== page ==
Supporters argued that Chinese "cheating" on the issue cost the United States more than 1.6 million jobs.
The Gibbons campaign cited a 2012 Cleveland Plain Dealer story in which Mandel, in his first run for U.S. Senate, indicated opposition to the bill.
The bill would have moved the U.S. toward imposing tariffs on countries that manipulate their currency, but more hurdles would have had to have been cleared, said Derek Scissors, an expert on the Chinese economy and trade policy at the American Enterprise Institute.
The newspaper reported that Mandel believed China manipulated its currency and should be held accountable through diplomatic means.
"We must be vigilant in taking them on and making sure they play by the rules. At the same time, my approach would be a diplomatic approach, not a legislative approach," Mandel said.
The bill passed the Senate but was not taken up by the House.
Mandel’s campaign did not reply to our requests for comment.
The Ohio Senate seat is opening because Republican Rob Portman, who was elected in 2010, is not seeking reelection.
Besides Mandel and Gibbons, the Republican candidates include Ohio state Sen. Matt Dolan, former Ohio Republican Party chair Jane Timken and "Hillbilly Elegy" author J.D. Vance. The leading Democratic candidates are U.S. Rep. Tim Ryan and consumer protection attorney Morgan Harper.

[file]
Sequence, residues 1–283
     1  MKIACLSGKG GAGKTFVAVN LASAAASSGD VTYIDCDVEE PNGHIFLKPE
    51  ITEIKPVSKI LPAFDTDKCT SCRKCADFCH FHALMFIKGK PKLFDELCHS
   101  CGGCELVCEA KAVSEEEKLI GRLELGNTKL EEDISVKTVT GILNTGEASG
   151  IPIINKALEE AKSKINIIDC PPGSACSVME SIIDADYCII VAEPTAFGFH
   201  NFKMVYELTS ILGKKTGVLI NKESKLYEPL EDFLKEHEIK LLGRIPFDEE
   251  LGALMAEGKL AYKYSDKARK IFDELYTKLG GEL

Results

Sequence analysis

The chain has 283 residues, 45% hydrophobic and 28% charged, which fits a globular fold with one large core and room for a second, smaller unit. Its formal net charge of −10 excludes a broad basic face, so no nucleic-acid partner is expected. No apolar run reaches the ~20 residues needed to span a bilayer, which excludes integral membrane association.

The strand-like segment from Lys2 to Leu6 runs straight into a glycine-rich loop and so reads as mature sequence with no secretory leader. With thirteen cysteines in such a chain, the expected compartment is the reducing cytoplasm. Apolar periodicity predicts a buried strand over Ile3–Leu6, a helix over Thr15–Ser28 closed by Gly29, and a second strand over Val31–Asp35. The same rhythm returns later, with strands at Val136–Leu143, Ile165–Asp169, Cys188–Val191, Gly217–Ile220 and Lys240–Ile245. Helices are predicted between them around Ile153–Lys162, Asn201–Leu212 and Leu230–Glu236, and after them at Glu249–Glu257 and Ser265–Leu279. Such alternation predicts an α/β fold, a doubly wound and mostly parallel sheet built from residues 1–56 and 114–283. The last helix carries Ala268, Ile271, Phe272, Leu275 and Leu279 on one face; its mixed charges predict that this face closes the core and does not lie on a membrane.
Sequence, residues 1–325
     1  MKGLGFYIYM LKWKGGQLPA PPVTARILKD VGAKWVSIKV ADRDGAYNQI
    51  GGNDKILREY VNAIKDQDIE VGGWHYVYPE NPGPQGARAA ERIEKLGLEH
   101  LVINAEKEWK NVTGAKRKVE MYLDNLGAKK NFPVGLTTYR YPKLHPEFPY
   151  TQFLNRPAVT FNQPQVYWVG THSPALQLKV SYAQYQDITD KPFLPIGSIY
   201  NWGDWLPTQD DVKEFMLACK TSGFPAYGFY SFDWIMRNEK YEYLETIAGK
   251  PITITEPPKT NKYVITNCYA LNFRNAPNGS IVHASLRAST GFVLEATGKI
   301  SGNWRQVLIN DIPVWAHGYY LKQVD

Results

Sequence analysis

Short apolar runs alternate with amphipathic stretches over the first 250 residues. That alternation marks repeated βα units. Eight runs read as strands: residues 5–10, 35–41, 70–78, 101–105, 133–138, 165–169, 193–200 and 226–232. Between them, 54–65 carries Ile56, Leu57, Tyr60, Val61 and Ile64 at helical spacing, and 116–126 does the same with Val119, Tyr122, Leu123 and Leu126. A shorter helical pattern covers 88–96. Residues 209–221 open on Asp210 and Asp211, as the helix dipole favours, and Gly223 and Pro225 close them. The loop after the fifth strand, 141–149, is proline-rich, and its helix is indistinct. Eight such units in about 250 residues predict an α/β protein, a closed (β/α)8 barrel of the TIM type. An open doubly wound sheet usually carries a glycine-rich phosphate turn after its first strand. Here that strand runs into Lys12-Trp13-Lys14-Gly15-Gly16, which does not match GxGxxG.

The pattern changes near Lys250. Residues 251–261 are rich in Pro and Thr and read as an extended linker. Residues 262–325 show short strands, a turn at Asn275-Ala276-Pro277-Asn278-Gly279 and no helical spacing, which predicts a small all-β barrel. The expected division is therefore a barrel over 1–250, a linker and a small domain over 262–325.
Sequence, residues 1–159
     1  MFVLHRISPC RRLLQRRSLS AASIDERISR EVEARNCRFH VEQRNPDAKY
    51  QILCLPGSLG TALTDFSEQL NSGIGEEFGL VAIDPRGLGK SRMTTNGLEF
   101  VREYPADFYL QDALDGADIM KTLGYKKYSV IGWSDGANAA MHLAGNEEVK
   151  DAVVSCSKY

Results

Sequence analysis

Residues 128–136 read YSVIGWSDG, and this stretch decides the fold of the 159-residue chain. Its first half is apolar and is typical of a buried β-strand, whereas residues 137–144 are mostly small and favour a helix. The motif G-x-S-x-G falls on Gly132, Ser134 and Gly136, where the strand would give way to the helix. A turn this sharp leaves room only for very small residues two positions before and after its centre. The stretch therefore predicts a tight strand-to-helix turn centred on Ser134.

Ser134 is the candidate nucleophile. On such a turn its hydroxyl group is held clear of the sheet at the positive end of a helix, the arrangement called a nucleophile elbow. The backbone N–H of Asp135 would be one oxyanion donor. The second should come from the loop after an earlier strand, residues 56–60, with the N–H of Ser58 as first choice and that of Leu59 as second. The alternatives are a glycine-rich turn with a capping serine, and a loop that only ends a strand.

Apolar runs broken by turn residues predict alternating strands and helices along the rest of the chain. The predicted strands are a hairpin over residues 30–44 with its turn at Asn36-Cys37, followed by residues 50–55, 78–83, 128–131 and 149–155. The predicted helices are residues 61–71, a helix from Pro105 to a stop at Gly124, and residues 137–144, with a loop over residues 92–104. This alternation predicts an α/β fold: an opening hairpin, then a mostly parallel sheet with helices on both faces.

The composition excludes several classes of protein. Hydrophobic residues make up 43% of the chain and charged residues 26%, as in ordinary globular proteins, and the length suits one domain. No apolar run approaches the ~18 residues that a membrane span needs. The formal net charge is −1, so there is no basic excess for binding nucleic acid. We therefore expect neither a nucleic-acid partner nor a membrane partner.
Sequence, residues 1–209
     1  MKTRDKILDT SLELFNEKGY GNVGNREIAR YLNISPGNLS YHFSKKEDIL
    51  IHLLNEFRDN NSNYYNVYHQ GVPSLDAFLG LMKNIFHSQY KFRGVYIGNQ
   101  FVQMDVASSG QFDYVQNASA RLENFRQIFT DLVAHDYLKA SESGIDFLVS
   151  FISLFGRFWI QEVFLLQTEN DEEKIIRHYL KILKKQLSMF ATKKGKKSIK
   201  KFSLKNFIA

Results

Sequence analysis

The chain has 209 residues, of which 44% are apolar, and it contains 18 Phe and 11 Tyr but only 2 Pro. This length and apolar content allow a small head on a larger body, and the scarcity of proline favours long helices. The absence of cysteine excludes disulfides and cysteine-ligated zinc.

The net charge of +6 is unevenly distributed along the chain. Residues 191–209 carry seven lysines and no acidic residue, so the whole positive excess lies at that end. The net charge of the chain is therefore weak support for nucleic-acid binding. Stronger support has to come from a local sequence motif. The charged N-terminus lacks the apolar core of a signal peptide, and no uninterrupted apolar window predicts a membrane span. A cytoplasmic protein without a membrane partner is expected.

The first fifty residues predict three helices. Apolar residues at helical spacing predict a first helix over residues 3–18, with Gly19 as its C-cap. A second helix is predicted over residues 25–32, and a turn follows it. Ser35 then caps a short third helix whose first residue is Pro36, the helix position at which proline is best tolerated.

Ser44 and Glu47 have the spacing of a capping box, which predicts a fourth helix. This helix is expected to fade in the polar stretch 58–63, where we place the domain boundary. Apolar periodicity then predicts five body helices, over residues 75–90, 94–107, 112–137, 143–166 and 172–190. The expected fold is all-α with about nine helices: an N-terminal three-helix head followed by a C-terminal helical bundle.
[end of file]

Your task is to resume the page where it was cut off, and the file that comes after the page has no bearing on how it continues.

Gibbons claimed in an ad that Mandel, as Ohio’s state treasurer, "loaned your money to Chinese business interests and Mandel opposed a bill holding Communist China accountable when they cheated and stole American jobs."
Mandel led a state fund that invested public money in multinational corporations such as U.S.-based Exxon and Apple that do business in China, but are not based there.
Mandel indicated he did not support a 2011 bill that would have allowed for imposing tariffs on countries that manipulated their currency. But he suggested holding China accountable through diplomatic efforts.
Gibbons’ statement contains an element of truth but ignores critical facts that would give a different impression. We rate it Mostly False.
Meta, Mike Gibbons ad on Josh Mandel and China on Facebook and Instagram, started running April 7, 2022; active as of April 21, 2022
Email, Mike Gibbons campaign senior communications advisor Samantha Cotten, April 18, 2022
Email, David Dollar, an expert on China's economy and U.S.-China economic relations at the Brookings Institution, April 20, 2020
Ohio State Treasurer, "STAR — State Treasury Asset Reserve," accessed April 19, 2022
Ohio State Treasurer, "STAR Ohio 2018 annual report," accessed April 19, 2022
Email, Derek Scissors, senior fellow on the Chinese economy and trade policy at the American Enterprise Institute, April 19, 2022
Washington Post, "China currency bill demands House, White House action, senators say," Oct. 12, 2011
Plain Dealer, "U.S. Senate candidate Josh Mandel voices skepticism about global warming in pre-convention interview," Aug. 27, 2012
Email, Don Chance, CFA, James C. Flores endowed chair of MBA Studies; professor, Department of Finance, Louisiana State University, April 19, 2022